King, marketing director of Brightmoor Hospice, was this week’s guest speaker.
“We are in desperate need of volunteers,” King said. “It’s emotionally draining for one family member to provide constant care for a patient.”
She said even one hour per week, in which helpers would read to patients or simply provide some companionship, could make an impact.
“This isn’t a pushy type of situation, but you do go through some training,” she said.
Many longtime area residents are familiar with Brightmoor’s nursing home and assisted living facility. The hospice, which was founded about three years ago, has remained an outpatient service, although some of the 30 patients provided hospice care for each year reside in either one of the two facilities on Georgia Highway 16.
While on the subject, King introduced the concept of hospice care to the audience. “Hospice is not a place. It’s an idea,” she said, adding that when someone heard the word hospice many years ago, it was associated with “‘two more weeks.” “That’s not the case any longer.”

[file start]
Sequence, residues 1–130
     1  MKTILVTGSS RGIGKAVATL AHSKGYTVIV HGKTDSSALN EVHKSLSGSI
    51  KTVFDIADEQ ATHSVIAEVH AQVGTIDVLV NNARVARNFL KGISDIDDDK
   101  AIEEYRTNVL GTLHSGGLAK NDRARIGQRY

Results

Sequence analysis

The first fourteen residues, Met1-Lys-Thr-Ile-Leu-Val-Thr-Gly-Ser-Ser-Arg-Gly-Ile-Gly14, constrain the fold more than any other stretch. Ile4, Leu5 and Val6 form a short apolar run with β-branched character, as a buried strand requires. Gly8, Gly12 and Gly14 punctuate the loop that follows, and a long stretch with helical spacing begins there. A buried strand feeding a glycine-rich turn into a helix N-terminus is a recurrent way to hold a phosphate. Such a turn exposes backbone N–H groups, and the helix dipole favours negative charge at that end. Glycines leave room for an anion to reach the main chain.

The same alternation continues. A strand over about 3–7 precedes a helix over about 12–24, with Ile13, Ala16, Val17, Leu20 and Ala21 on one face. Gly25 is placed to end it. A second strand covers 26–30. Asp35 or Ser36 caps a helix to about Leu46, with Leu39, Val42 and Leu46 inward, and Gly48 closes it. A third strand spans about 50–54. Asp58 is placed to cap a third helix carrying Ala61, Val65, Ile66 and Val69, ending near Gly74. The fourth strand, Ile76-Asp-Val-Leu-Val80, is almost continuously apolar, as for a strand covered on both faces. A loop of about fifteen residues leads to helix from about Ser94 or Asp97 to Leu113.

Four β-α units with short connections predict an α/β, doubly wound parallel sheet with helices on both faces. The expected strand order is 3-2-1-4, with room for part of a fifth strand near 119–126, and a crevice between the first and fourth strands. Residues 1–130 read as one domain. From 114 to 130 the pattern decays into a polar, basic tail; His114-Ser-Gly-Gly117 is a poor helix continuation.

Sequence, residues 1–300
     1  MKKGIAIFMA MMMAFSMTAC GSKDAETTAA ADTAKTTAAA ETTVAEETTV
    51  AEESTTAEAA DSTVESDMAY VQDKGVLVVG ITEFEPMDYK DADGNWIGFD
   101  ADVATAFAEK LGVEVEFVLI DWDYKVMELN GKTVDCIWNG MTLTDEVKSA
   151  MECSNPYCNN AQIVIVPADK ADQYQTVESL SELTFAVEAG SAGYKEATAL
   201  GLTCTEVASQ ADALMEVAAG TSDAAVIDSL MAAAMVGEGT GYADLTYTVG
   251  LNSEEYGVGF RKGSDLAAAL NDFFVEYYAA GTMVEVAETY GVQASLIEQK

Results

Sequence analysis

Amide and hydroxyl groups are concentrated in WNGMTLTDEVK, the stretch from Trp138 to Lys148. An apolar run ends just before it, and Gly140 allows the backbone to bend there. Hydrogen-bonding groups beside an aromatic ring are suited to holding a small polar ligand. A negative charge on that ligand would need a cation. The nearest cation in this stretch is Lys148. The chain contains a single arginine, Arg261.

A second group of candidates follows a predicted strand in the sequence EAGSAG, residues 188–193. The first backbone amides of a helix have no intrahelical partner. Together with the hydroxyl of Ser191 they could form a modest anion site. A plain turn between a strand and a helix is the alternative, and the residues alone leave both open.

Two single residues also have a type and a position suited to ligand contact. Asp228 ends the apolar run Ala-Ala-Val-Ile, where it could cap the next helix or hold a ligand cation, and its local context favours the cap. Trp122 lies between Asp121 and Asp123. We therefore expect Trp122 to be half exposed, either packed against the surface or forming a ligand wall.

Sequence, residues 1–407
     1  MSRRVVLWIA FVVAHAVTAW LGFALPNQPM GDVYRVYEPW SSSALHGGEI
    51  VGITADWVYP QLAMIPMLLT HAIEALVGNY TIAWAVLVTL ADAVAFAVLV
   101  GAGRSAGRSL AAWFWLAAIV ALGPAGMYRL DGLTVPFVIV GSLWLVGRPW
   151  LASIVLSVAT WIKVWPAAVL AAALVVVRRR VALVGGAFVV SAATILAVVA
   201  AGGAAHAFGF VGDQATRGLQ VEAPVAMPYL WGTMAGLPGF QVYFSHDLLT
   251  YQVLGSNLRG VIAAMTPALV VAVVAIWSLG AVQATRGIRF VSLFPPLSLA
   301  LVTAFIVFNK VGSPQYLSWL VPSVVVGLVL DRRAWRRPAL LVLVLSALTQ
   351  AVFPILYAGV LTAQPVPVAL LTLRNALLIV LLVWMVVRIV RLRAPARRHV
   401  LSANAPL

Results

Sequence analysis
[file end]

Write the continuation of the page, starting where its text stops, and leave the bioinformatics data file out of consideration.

It is common for patients to remain in hospice for six months, if not a year. If patients who have been diagnosed with a life-terminating illness -- the prerequisite for hospice care -- improve significantly while under care, they may no longer qualify.
While they do, “we are not there for just the patient, but we are there for the entire family,” King said.
Hospice is not about the end of life, it’s about giving patients the comfort and dignity they need, King said.
After talking about care for the terminally ill for about 30 minutes, there was a bright spot for King at the end of the meeting. She said one Kiwanis member had picked up an informational package on how to become a volunteer.